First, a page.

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Effect of dietary iron (Fe) levels on growth performance, hepatic lipid metabolism and antioxidant responses in juvenile yellow catfish Pelteobagrus fulvidraco

Luo, Z., Zou, G.‐Y., Gao, Y., Ye, H.‐M., Xi, W.‐Q., Liu, X.
Aquaculture nutrition 2017 v.23 no.6 pp. 1475-1482
Tachysurus fulvidraco, antioxidant activity, antioxidants, carnitine palmitoyltransferase, catalase, diet, enzyme activity, feed conversion, growth performance, iron, juveniles, lipid content, lipid metabolism, lipids, liver, malondialdehyde, messenger RNA, oxidative stress, peroxisome proliferator-activated receptors, protein efficiency ratio, regression analysis, specific growth rate, superoxide dismutase, weight gain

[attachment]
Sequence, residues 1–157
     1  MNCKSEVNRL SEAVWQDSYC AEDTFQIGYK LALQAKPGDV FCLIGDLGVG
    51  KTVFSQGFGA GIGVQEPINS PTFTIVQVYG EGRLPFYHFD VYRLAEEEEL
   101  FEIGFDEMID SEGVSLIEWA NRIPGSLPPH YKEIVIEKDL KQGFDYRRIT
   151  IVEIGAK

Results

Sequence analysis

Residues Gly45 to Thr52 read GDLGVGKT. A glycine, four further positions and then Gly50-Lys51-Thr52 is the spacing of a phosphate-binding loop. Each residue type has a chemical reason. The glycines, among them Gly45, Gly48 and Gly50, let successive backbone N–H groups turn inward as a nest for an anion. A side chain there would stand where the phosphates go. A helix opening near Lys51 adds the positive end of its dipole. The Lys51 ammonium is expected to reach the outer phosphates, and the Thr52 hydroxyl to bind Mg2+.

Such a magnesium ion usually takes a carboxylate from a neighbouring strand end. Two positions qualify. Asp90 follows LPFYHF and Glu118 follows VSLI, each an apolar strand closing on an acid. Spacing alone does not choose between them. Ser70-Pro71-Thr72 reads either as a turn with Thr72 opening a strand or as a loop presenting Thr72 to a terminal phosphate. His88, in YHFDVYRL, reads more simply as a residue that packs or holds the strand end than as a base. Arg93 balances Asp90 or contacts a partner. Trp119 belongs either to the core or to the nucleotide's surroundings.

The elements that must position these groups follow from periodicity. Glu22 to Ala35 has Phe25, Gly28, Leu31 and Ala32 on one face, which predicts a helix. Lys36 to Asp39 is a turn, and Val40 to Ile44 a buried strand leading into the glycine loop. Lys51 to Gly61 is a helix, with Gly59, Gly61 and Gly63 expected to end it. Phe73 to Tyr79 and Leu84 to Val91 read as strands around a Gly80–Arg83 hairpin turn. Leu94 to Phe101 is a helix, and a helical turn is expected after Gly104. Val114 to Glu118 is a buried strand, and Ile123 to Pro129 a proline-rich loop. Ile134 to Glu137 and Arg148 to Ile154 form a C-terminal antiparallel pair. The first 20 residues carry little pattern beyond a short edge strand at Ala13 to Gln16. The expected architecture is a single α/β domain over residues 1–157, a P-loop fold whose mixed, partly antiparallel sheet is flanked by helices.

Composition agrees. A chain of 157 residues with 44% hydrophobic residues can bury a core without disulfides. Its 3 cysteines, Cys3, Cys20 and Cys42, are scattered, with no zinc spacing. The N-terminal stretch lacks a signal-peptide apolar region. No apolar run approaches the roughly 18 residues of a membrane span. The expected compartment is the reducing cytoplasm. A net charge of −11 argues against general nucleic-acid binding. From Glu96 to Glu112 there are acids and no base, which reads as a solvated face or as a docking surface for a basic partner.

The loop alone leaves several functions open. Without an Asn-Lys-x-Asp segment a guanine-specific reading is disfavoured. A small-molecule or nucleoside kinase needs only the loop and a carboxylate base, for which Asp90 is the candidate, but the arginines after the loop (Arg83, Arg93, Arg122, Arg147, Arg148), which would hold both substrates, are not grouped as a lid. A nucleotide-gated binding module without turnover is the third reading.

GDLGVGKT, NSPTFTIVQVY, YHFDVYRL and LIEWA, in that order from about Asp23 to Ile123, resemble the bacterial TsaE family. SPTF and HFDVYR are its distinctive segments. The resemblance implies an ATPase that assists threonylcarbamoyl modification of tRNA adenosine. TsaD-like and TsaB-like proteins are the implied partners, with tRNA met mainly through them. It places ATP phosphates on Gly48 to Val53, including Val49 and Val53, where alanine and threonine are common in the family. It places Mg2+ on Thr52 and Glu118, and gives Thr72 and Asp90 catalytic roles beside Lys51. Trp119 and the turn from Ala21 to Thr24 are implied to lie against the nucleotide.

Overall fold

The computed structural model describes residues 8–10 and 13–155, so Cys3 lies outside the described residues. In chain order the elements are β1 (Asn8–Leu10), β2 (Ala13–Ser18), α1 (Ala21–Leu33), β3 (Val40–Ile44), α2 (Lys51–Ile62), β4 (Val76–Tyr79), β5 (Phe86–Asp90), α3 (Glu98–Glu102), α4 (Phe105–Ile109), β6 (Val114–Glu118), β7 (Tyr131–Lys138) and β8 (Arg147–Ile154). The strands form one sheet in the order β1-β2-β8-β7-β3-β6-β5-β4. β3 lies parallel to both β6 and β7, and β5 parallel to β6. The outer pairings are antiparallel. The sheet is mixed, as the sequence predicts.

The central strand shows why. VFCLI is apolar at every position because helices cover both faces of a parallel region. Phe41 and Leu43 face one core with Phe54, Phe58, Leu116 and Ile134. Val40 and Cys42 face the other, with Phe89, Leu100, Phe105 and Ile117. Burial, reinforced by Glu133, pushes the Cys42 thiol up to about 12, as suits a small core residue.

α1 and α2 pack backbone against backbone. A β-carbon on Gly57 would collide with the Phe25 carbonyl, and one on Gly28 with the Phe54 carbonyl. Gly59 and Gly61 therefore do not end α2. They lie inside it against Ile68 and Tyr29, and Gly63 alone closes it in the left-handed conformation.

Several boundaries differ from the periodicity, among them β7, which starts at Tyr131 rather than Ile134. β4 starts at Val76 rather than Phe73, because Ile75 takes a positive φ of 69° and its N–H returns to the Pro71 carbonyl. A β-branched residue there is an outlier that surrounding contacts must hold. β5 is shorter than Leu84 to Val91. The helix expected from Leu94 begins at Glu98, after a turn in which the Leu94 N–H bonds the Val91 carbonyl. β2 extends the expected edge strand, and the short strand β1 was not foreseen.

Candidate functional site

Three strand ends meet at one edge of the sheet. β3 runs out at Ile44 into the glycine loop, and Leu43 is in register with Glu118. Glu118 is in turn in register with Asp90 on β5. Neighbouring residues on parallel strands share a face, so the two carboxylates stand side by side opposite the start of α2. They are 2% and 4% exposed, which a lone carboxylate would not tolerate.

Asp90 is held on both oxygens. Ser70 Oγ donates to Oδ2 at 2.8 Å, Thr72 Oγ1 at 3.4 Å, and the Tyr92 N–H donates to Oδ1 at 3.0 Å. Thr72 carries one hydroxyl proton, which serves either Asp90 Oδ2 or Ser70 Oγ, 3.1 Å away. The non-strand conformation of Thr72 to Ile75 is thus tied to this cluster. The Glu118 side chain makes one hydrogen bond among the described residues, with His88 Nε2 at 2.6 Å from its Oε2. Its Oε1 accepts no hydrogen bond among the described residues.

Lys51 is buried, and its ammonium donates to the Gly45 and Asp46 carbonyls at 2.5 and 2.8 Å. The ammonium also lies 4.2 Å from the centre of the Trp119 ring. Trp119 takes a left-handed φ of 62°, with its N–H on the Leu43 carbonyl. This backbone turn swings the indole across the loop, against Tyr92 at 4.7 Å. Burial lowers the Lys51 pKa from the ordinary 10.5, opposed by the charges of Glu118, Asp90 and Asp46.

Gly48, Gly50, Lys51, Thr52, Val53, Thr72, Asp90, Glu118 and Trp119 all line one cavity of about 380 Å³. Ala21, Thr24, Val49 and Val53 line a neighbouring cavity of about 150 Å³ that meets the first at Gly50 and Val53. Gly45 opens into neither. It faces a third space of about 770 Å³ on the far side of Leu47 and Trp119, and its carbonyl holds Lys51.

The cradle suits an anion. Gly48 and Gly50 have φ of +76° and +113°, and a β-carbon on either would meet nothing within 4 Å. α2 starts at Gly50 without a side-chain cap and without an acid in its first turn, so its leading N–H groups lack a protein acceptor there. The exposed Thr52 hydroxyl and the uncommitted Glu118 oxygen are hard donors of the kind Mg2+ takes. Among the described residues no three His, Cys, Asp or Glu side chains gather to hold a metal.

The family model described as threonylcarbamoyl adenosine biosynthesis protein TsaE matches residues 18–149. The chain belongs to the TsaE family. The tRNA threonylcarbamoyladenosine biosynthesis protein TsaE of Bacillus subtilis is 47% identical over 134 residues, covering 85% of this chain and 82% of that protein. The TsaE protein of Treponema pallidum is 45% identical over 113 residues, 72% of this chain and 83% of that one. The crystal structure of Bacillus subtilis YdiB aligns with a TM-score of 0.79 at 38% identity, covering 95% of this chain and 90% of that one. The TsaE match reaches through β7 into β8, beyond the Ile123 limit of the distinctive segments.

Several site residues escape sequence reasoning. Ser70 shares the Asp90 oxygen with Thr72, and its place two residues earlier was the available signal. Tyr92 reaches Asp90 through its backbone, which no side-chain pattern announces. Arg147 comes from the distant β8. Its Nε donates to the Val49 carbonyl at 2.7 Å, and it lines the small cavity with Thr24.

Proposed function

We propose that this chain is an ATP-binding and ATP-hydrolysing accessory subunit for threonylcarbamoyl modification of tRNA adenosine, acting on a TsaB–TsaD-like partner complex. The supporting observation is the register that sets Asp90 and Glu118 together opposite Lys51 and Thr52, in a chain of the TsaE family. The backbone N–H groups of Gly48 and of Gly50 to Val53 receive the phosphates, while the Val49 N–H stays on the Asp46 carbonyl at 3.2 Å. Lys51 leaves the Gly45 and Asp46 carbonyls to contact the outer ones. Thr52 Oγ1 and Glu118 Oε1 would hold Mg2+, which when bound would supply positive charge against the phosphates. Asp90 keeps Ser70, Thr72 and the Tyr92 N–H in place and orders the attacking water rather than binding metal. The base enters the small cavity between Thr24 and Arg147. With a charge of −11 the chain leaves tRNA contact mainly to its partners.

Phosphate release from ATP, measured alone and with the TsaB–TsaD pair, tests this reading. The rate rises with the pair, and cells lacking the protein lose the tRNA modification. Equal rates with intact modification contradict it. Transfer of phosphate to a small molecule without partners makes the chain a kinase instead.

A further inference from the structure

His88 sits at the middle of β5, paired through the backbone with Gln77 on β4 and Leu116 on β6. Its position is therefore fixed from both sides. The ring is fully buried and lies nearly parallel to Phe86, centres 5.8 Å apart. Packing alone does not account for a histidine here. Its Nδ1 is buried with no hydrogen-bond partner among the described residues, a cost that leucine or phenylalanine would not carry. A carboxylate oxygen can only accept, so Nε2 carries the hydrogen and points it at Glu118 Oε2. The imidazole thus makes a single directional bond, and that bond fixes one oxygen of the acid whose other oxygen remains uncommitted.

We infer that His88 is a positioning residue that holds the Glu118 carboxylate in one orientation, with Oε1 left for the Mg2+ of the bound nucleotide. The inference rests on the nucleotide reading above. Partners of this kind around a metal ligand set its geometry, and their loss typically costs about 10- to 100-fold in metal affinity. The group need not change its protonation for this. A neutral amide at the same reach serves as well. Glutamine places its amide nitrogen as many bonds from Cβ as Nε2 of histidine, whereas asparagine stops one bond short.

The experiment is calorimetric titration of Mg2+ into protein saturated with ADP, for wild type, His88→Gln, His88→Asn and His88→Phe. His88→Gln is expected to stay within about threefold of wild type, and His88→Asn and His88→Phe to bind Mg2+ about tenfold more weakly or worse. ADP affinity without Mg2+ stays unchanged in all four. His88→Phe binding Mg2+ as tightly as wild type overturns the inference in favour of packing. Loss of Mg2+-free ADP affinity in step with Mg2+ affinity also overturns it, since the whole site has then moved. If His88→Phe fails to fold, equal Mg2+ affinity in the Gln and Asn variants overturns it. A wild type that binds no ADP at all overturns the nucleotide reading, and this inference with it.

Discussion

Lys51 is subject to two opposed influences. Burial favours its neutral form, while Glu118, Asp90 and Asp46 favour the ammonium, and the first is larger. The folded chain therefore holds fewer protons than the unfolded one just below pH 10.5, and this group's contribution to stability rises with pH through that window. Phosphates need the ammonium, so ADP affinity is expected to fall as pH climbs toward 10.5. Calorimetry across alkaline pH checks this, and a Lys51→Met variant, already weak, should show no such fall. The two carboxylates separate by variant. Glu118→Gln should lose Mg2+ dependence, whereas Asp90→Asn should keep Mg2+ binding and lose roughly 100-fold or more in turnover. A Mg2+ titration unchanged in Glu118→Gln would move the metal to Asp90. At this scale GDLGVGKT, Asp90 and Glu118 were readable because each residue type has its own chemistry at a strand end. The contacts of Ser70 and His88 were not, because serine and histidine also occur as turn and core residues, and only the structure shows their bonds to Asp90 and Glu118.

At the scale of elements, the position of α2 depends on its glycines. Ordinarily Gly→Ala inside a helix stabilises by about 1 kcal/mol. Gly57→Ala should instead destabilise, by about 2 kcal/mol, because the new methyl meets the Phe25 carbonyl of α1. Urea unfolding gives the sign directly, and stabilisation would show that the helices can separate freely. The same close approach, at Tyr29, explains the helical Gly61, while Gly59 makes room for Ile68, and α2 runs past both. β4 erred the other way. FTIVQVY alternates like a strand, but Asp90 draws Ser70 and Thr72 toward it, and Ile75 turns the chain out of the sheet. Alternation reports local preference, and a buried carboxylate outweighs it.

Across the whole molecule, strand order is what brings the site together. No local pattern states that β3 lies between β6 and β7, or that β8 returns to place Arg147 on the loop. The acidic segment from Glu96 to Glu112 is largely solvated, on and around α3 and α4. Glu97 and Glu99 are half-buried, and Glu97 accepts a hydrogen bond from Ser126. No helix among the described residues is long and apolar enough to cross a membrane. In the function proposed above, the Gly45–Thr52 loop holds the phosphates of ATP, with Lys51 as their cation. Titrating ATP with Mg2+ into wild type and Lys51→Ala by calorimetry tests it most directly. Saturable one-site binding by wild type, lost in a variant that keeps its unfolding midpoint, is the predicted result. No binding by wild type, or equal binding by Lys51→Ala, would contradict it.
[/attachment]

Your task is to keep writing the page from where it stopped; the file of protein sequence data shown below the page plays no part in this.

This study was conducted to determine effects of dietary Fe levels on growth performance, hepatic lipid metabolism and antioxidant response for juvenile yellow catfish Pelteobagrus fulvidraco. Yellow catfish were fed six isonitrogenous and isolipidic diets containing Fe levels of 16.20, 34.80, 54.50, 76.44, 100.42 and 118.25 mg/kg for 8 weeks. Weight gain (WG) and specific growth rate (SGR) increased with dietary Fe levels from 16.20 to 54.50 mg/kg diet and then plateaued over the level. Feed conversion rate (FCR) was highest and protein efficiency rate (PER) was lowest for fish fed the lowest Fe levels of diet. Fe contents in whole body and liver increased with increasing dietary Fe levels. Hepatic lipid content was lowest, but mRNA levels of carnitine palmitoyltransferase (CPT‐1) and peroxisome proliferator‐activated receptor α (PPARα) were highest for fish fed 54.50 mg Fe/kg diet. Fish fed adequate dietary Fe levels reduced hepatic malondialdehyde (MDA) level and increased activities of antioxidant enzymes Superoxide dismutase (SOD), Catalase (CAT) and GS. Based on the broken‐line regression analysis of WG against dietary Fe levels, optimal dietary Fe requirement for yellow catfish was 55.73 mg Fe/kg diets. Fe‐induced changes in MDA levels and antioxidant enzymatic activities paralleled with the change in hepatic lipid content, suggesting the potential relationship between oxidative stress and hepatic lipid accumulation in yellow catfish.